CARY v. MCNEIL et al, No. 1:2009cv00018 - Document 11 (N.D. Fla. 2009)

Court Description: ORDER granting 10 MOTION to Supplement 1 Complaint filed by WALTER H CARY, III - Amended Pleadings due by 4/6/2009; signed by MAGISTRATE JUDGE ALLAN KORNBLUM on 3/6/09 (blank 1983 form forwarded to Plaintiff) (tss)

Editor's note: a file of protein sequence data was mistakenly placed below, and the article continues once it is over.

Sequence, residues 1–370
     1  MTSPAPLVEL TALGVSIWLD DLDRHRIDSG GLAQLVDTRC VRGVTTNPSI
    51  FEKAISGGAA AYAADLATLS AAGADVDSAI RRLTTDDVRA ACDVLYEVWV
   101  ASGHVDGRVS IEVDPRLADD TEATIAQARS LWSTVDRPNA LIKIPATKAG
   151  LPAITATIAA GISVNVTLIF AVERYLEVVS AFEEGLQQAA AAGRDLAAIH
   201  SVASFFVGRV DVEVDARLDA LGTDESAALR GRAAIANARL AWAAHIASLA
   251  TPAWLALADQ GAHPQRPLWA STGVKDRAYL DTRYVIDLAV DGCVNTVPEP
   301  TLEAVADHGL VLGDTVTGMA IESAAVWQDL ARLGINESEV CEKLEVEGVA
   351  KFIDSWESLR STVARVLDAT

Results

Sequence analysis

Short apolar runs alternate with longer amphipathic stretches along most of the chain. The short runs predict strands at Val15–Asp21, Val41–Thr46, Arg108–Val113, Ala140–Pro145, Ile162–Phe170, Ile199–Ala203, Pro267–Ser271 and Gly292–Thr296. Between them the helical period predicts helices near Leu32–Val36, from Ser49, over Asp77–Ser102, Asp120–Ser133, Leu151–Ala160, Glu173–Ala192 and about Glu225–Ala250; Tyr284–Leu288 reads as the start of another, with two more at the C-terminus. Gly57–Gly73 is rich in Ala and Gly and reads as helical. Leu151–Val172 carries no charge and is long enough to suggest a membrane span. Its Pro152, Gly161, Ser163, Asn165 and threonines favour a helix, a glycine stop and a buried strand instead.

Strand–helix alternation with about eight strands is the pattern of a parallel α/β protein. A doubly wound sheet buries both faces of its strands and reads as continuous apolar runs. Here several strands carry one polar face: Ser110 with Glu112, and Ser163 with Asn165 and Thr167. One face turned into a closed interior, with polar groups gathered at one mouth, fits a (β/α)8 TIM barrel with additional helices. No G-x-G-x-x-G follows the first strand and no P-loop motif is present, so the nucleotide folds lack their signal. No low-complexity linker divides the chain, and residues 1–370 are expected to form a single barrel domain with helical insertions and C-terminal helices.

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CARY v. MCNEIL et al Doc. 11 IN THE UNITED STATES DISTRICT COURT FOR THE NORTHERN DISTRICT OF FLORIDA GAINESVILLE DIVISION WALTER H. CARY, III, Plaintiff, vs. 1:09CV18-MP/AK WALTER A. MCNEIL, et al, Defendants . / ORDER This cause is before the court upon Plaintiff's filing of a civil rights complaint under 42 U.S.C. § 1983 (doc. 1), and an application for leave to proceed in forma pauperis (IFP). (Doc. 5). Leave to so proceed has been granted in a separate order. (Doc. 6). Plaintiff has also moved to supplement his complaint with additional exhibits, (doc. 10), which is hereby GRANTED, but these exhibit should be submitted with the amended complaint which Plaintiff is directed to file as set forth below. From a review of the complaint, it is evident that the facts as presented fail to state a claim upon which relief can be granted. Consequently, the Clerk will mail to him another civil rights complaint that Plaintiff must complete in its entirety. He does not need to file any service copies of the complaint at this time. Plaintiff alleges that he has been denied a vegan or kosher diet resulting in malnutrition. He also claims he has been assaulted and denied work release and certain religious objects. He also complains about a disciplinary report he received. As an initial matter, Plaintiff has sued a number of persons because of their supervisory responsibilities . Liability for damages cannot be imposed upon Defendant McNeil merely because of his supervisory authority as Secretary of the Florida Department of Corrections. Polk County v. Dodson, 454 U.S. 312, 325, 102 S. Ct. 445, 70 L. Ed. 2d 509 (1981); Harvey v. Harvey, 949 F.2d 1127, 1129 (11th Cir. 1992), citing Monell v. Department of Social Services, 436 U.S. 658, 98 S. Ct. 2018, 56 L. Ed. 2d 611 (1978). Although personal participation is not specifically required for liability under § l983, there must be some causal connection between the defendant named and the injury allegedly sustained. Swint v. City of Wadley, 51 F.3d 988, 999 (11th Cir. 1995); Rivas v. Freeman, 940 F.2d 1491, 1495 (11th Cir. 1991); Zatler v. Wainwright, 802 F.2d 397, 401 (11th Cir. 1986). Plaintiff has not shown that Defendant McNeil knew about his requests for a vegan diet or any other of his complaints or that McNeil took any personal action to violate Plaintiff’s rights. Likewise with Defendants Davis, Singer and Rhoden. Supervisory personnel cannot be held vicariously liable for the actions of their subordinates, but may be independently liable if a reasonable person in the supervisor’s position would have known that his conduct infringed the Plaintiff’s rights and the supervisor’s conduct was causally related to the subordinate’s constitutional violation. Greason v. Kemp, 891 F.2d 829, 836 (11th Cir. 1990); McKinney v. DeKalb County, 997 F.2d 1440, 1443 (11th Cir. 1993). Thus, Plaintiff should delete his claims against these persons if he chooses to file an amended complaint. Plaintiff’s claims based on grievance responses are also not civil rights violations. Merely signing a grievance does not create liability where the signer had no personal 2 involvement in the alleged violations. Manney v. Moore, 151 F.Supp. 2d 976 (N.D. Ill. 2001). Plaintiff has claimed that Defendant Perry assaulted him. Under the Eighth Amendment force is deemed legitimate in a prison setting as long as it is used “in a good faith effort to maintain or restore discipline [and not] maliciously and sadistically to cause harm.” Whitley v. Albers, 475 U.S. 312, 320-21 (1986), quoting Johnson v. Glick, 481 F.2d 1028, 1033 (2nd Cir. 1973). A variety of factors are considered in determining whether the force was applied maliciously or sadistically, including the need for force, the relationship between that need and the amount of force used, the threat reasonably perceived by the prison officials applying it, and any efforts made to temper the severity of the force used. Hudson v. McMillian, 503 U.S. 1, 7-8 (1992). A de minimis use of force, as evidenced by no injury, is one of the factors for consideration and cannot support a claim of excessive use of force. Hudson, at 7. Plaintiff should provide more facts if he is to state a claim against Perry for this assault, since he does not claim any particular injury resulting from this attack. Plaintiff is suing Defendant Pitts for denying him his special diet requests. He claims to have suffered malnutrition from lack of food, but he provides no facts regarding this “injury.” Plaintiff cannot be compensated for damages unless he actually has some injury. If there is no physical injury alleged, then mental or emotional monetary damages, as well as punitive damages, cannot be recovered, but declaratory 3 and injunctive relief may be available.1 Harris v. Garner, 216 F.3d 970 (11th Cir. 2000)2, reinstating in part 190 F.3d 1279 (11th Cir. 1999) and Osterback v. Ingram, et al., No. 00-10558, 263 F.3d 169 (11th Cir. 2001) (Table). 215 F.3d at 1230. Prisoners must be served “reasonably adequate” food under the Eighth Amendment. Hamm v. DeKalb County, 774 F.2d 1567, 1572 (11th Cir. 1985). If nutritionally adequate food is prepared and served in a manner that does not “present an immediate danger to the health and well being of the inmates who consume it,” then there is no constitutional violation. Ramos v. Lamm, 639 F.2d 559, 571 (10th Cir. 1980); French v. Owens, 777 F.2d 1250, 1255 (7th Cir. 1985); Adams v. Mathis, 458 F.Supp. 302 (MD Ala 1978), affd, 614 F.2d 42 (5 Cir. 1980). Insofar as Plaintiff complains that Defendant Pitts denied him food that interfered with his religious practice, he should provide more facts about this claim such as what regulation or policy is about food for certain religions, how long this regulation or policy was used to deny him the food he wanted, and how this denial impacted his religious practice. While prisoners retain First Amendment rights, including the First Amendment right of free exercise of religion, regulations or policies "alleged to infringe constitutional 1 “[C]ompensatory damages under § 1983 may be awarded only based on actual injuries caused by the defendant and cannot be presumed or based on the abstract value of the constitutional rights that the defendant violated.“ Slicker v. Jackson, 215 F.3d 1225, 1229 (11th Cir. 2000) (emphasis by the court), citing Memphis Comm. Sch. Dist, v. Stachura, 477 U.S. 299, 309-310, 106 S.Ct. 2537, 2544, 91 L.Ed.2d 249 (1986) and Carey v. Piphus, 435 U.S. 247, 264, 98 S.Ct. at 1042, 1052, 55 L.Ed.2d 252 (1978). 2 Harris v. Garner, 190 F.3d 1279 (11th Cir. 1999) was vacated by 197 F.3d 1059, and the Opinion Reinstated in Part on Rehearing by 216 F.3d 970 (11th Cir. 2000), cert. denied 121 S. Ct. 2214 (2001). The parts of the panel opinion relevant to this legal issue were reinstated. 4 rights [in prison] are judged under a 'reasonableness' test less restrictive than that ordinarily applied to alleged infringements of fundamental constitutional rights." O'Lone v. Estate of Shabazz, 482 U.S. 340, 349, 107 S. Ct. 2400, 2404, 96 L. Ed. 2d 282 (1987). O'Lone directs courts to give respect and deference to the judgment of prison administrators even in First Amendment challenges raised within the confines of prison. Id. The standard of review requires that challenged prison regulations be upheld if they are "reasonably related to legitimate penological interests." O'Lone, 482 U.S. at 350, utilizing the standard of Turner v. Safley, 482 U.S. 78, 107 S. Ct. 2254, 96 L. Ed. 2d 64 (1987). Thus, to find a free exercise violation in the prison context, a plaintiff must demonstrate that prison officials have employed a policy or regulation, not reasonably related to any legitimate penological interest or security measure, which burdens a practice of his religion or prevents him from engaging in conduct or having a religious experience which the faith mandates. This interference must be more than an inconvenience; the burden must be substantial and significantly interfere with Plaintiff's practice of his religious beliefs. Cf. Thornburgh v. Abbott, 490 U.S. 401, 418, 109 S. Ct. 1874, 1884, 104 L. Ed. 2d 459 (1989) (noting that O'Lone found prison regulations valid in part because the prisoners were permitted to participate in other Muslim religious ceremonies). Also relevant to the court's consideration is whether an "alternative means of exercising the right . . . remain open to prison inmates." O'Lone, 482 U.S. at 351. It must be recognized, however, that an "absence of ready alternatives" may be "evidence of the reasonableness of a prison regulation." Turner, 482 U.S. at 90, 107 S. Ct. at 2262. But it does not mean that prison officials "have to set up and 5 then shoot down every conceivable alternative method of accommodating the claimant's constitutional complaint." Turner, 482 U.S. at 90-91, 107 S. Ct. at 2262. This is a "reasonableness" test, not a "least restrictive" alternatives test. Id., at 91, 107 S. Ct. at 2262. Prior to considering the reasonableness of a regulation, as set forth in Turner, the court must first determine whether an infringement has occurred, i.e. whether one has been substantially burdened in practicing his religion. Cheffer v. Reno, 55 F.3d 1517, 1522 (11th Cir. 1995). “Substantial burden” has been defined as one that either compels the person to engage in conduct that his religion forbids or forbids him from engaging in conduct that his religion requires. Id. at 1522. This burden must be more than inconsequential. Levitan v. Ashcroft, 281 F.3d 1313 (D.C. Cir.2002). The religious practice allegedly burdened must be “some central tenet of a [person’s] individual beliefs, Werner v. McCotter, 49 F.3d 1476, 1480 (10th Cir. 1995), or an “essential” or “fundamental” practice. Abdur-Rahman v. Michigan Dept. Of Corrections, 65 F.3d 489, 491-92 (6th Cir. 1995). In the context of the Religious Land Use and Institutionalized Persons Act (RLUIPA), 42 U.S.C. § 2000cc(a)(1), “substantial burden” has been found when a regulation has “a tendency to coerce individuals into acting contrary to their religious beliefs,” Lyng v. Northwest Indian Cemetery Protective Ass’n, 485 U.S. 439, 450 (1988), or when government puts “substantial pressure on an adherent to modify his behavior and to violate his beliefs.” Hobbie v. Unemployment Appeals Comm’n of Fla., 480 U.S. 136, 141 (1987). Only if Plaintiff demonstrates a substantial burden on his practice, is it necessary to apply the reasonableness test of Turner to determine if the DOC’s actions were 6 reasonably related to a legitimate penological interest. Wilson v. Moore, 270 F. Supp. 2d 1328,1349 (N.D. Fla. 2003). See also Midrash Sephardi Inc. v. Town of Surfside, 366 F.3d 1214, 1225 (11th Cir. 2004) (Plaintiff bears burden of showing substantial burden on religious practice before invoking protections of RLUIPA). If Plaintiff fails to provide evidence that a particular practice is essential to his faith that its absence would be a substantial burden to the exercise of his religion, then he has failed to show that its denial violated the First Amendment. Plaintiff’s claims against Pitts and Rodriguez about his work release requests should be deleted in an amended complaint. Plaintiff does not have a constitutional right to work release. Conlogue v. Shinbaum, 949 F.2d 378, 379 (11th Cir. 1991) (there is no protected liberty interest in state created work release programs). It has also been held that denying prisoners work release based on their criminal histories is rationally related to a legitimate penological interest. Conlogue, at 379. Finally, Plaintiff’s claims against Defendant Hill regarding his disciplinary report and the claim that Hill coerced him into pleading guilty are not viable claims. In Heck v. Humphrey, 512 U.S. 477, 114 S. Ct. 2364, 2372, 129 L. Ed. 2d 383 (1994), the Court held that where success in a section 1983 damages action would necessarily challenge the validity of a conviction or sentence that could result in an earlier release from confinement, such lawsuit would be barred unless there was first proof that the conviction or sentence had been reversed on direct appeal, expunged by executive order, declared invalid by state tribunal authorized to make such determination, or called into question by federal court's issuance of writ of habeas corpus. 7 In Edwards v. Balisok, 520 U.S. 641, 117 S.Ct 1584, 137 L.Ed.2d 906 (1997) this bar was extended to prison administrative procedures when the action taken affected good time credits, which in turn affected the duration of the prisoner’s confinement. Until the holding in Muhammad v. Close, 540 U.S. 749 (2004), there was a split among the Circuits as to the applicability of Heck, i.e. whether the favorable termination requirement of Heck bars all damage suits challenging prison disciplinary proceedings, and the Supreme Court held that it does not bar section 1983 suits that go neither to the fact of the conviction/disciplinary decision or the duration of the overall confinement. The Eleventh Circuit had interpreted Balisok to allow claims challenging a disciplinary proceeding that were “purely procedural, as in Wolff....” Harden v. Pataki, 320 F.3d 1289, 1295 n.9 (11th Cir. 2003). See also Jenkins v. Haubert, 179 F.3d 19, 27 (2nd Cir. 1999) (damages sought relative to a disciplinary sanction that does not affect length of confinement may be brought by 1983 suit); Leamer v. Fauver, 288 F.3d 532 (3rd Cir. 2002) (same); DeWalt v. Carter, 224 F.3d 607 (7th Cir. 2000); Brown v. Plaut, 131 F.3d 163 (D.C. Cir. 1997). . Plaintiff complains about the loss of gain time resulting from the DR and that he would not have plead guilty to the DR unless Hill coerced him. However, he does not raise any procedural issues, such as a denial of evidence or a hearing. The procedural requirements for a disciplinary hearing are three-fold: (1) advance written notice; (2) a written statement of the reasons for the disciplinary action taken; and (3) the opportunity to call witnesses and present evidence. Wolff v. McDonnell, 418 U.S. 539, 556, 94 S. Ct. 2963, 2974, 41 L.Ed. 2d 935 (1974); Young v. 8 Jones, 37 F.3d 1457, 1459-60 (11th Cir. 1994); Bass v. Perrin, 170 F.3d 1312, 1318 (11th Cir. 1999). Absent some information to the contrary, Plaintiff’s claims go to the fact of the disciplinary proceeding and this court does not act as an appeals court for the substance of the disciplinary decisions made by prison officials. Consequently, this claim should be deleted from an amended complaint. In amending, Plaintiff should carefully review the foregoing to determine whether he can present allegations sufficient to state a cause of action under the relevant law. If Plaintiff is able to file an amended complaint, he must name as Defendants only those persons who are responsible for the alleged constitutional violations. Plaintiff must place their full names in the style of the case on the first page of the civil rights complaint form and in the other appropriate sections of the form. Further, Plaintiff should clearly describe how each named Defendant is involved in each alleged constitutional violation. In civil rights cases, more than conclusory and vague allegations are required to state a cause of action. See, e.g., Fullman v. Graddick, 739 F.2d 553, 556-57 (11th Cir. 1984). In presenting his claims, Plaintiff must set forth each allegation in a separately numbered paragraph, as it is essential that the facts relating to each Defendant be set out clearly and in detail. To amend his complaint, Plaintiff must completely fill out a new civil rights complaint form, marking it "Amended Complaint." Plaintiff is advised that the amended complaint must contain all of Plaintiff's allegations and should not in any way refer to the original or amended complaints. An amended complaint completely 9 replaces all previous complaints and all earlier complaints are disregarded. N.D. Fla. Loc. R. 15.1. Plaintiff should file the amended complaint in the Court and keep one identical copy for himself. Plaintiff need not file service copies until instructed to do so by the court. Accordingly, it is hereby ORDERED: 1. The clerk of court shall forward to Plaintiff another Section 1983 form. 2. Plaintiff must respond to this order by April 6, 2009. 3. Plaintiff’s Motion to Supplement (doc. 10) is GRANTED. 4. Failure of Plaintiff to respond to this order or submit the requested information or explain his inability to do so will result in a recommendation to the District Judge that this action be dismissed. DONE AND ORDERED this 6th day of March, 2009. s/ A. KORNBLUM ALLAN KORNBLUM UNITED STATES MAGISTRATE JUDGE 10